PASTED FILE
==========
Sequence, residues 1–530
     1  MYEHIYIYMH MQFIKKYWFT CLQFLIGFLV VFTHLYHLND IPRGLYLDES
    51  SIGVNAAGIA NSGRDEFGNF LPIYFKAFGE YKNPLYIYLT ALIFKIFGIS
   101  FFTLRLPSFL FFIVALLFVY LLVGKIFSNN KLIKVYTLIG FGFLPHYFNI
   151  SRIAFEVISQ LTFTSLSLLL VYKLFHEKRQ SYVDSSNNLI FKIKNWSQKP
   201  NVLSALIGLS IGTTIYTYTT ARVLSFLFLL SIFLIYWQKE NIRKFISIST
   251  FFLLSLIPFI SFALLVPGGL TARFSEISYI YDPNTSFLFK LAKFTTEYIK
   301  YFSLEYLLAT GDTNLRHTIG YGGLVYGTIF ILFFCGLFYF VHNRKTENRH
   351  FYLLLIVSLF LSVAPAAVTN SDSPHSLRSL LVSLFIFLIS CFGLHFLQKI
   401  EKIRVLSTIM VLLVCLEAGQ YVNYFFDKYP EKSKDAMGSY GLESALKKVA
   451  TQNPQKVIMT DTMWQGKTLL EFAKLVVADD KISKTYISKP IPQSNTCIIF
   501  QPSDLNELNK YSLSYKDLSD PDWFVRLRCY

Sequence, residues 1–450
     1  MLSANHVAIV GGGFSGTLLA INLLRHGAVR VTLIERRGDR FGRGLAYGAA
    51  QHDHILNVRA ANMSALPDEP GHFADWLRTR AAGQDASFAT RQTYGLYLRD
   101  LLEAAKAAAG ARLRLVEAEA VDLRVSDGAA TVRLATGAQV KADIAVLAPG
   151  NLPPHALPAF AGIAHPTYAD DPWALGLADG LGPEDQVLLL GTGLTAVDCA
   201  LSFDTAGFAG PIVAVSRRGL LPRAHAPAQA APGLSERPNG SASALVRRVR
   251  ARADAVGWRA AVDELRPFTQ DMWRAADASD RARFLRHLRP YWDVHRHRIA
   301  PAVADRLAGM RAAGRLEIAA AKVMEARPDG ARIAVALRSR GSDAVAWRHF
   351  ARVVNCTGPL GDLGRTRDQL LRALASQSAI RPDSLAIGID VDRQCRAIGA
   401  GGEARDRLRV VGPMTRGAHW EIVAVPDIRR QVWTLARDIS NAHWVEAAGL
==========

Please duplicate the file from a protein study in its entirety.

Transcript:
Sequence, residues 1–530
     1  MYEHIYIYMH MQFIKKYWFT CLQFLIGFLV VFTHLYHLND IPRGLYLDES
    51  SIGVNAAGIA NSGRDEFGNF LPIYFKAFGE YKNPLYIYLT ALIFKIFGIS
   101  FFTLRLPSFL FFIVALLFVY LLVGKIFSNN KLIKVYTLIG FGFLPHYFNI
   151  SRIAFEVISQ LTFTSLSLLL VYKLFHEKRQ SYVDSSNNLI FKIKNWSQKP
   201  NVLSALIGLS IGTTIYTYTT ARVLSFLFLL SIFLIYWQKE NIRKFISIST
   251  FFLLSLIPFI SFALLVPGGL TARFSEISYI YDPNTSFLFK LAKFTTEYIK
   301  YFSLEYLLAT GDTNLRHTIG YGGLVYGTIF ILFFCGLFYF VHNRKTENRH
   351  FYLLLIVSLF LSVAPAAVTN SDSPHSLRSL LVSLFIFLIS CFGLHFLQKI
   401  EKIRVLSTIM VLLVCLEAGQ YVNYFFDKYP EKSKDAMGSY GLESALKKVA
   451  TQNPQKVIMT DTMWQGKTLL EFAKLVVADD KISKTYISKP IPQSNTCIIF
   501  QPSDLNELNK YSLSYKDLSD PDWFVRLRCY

Sequence, residues 1–450
     1  MLSANHVAIV GGGFSGTLLA INLLRHGAVR VTLIERRGDR FGRGLAYGAA
    51  QHDHILNVRA ANMSALPDEP GHFADWLRTR AAGQDASFAT RQTYGLYLRD
   101  LLEAAKAAAG ARLRLVEAEA VDLRVSDGAA TVRLATGAQV KADIAVLAPG
   151  NLPPHALPAF AGIAHPTYAD DPWALGLADG LGPEDQVLLL GTGLTAVDCA
   201  LSFDTAGFAG PIVAVSRRGL LPRAHAPAQA APGLSERPNG SASALVRRVR
   251  ARADAVGWRA AVDELRPFTQ DMWRAADASD RARFLRHLRP YWDVHRHRIA
   301  PAVADRLAGM RAAGRLEIAA AKVMEARPDG ARIAVALRSR GSDAVAWRHF
   351  ARVVNCTGPL GDLGRTRDQL LRALASQSAI RPDSLAIGID VDRQCRAIGA
   401  GGEARDRLRV VGPMTRGAHW EIVAVPDIRR QVWTLARDIS NAHWVEAAGL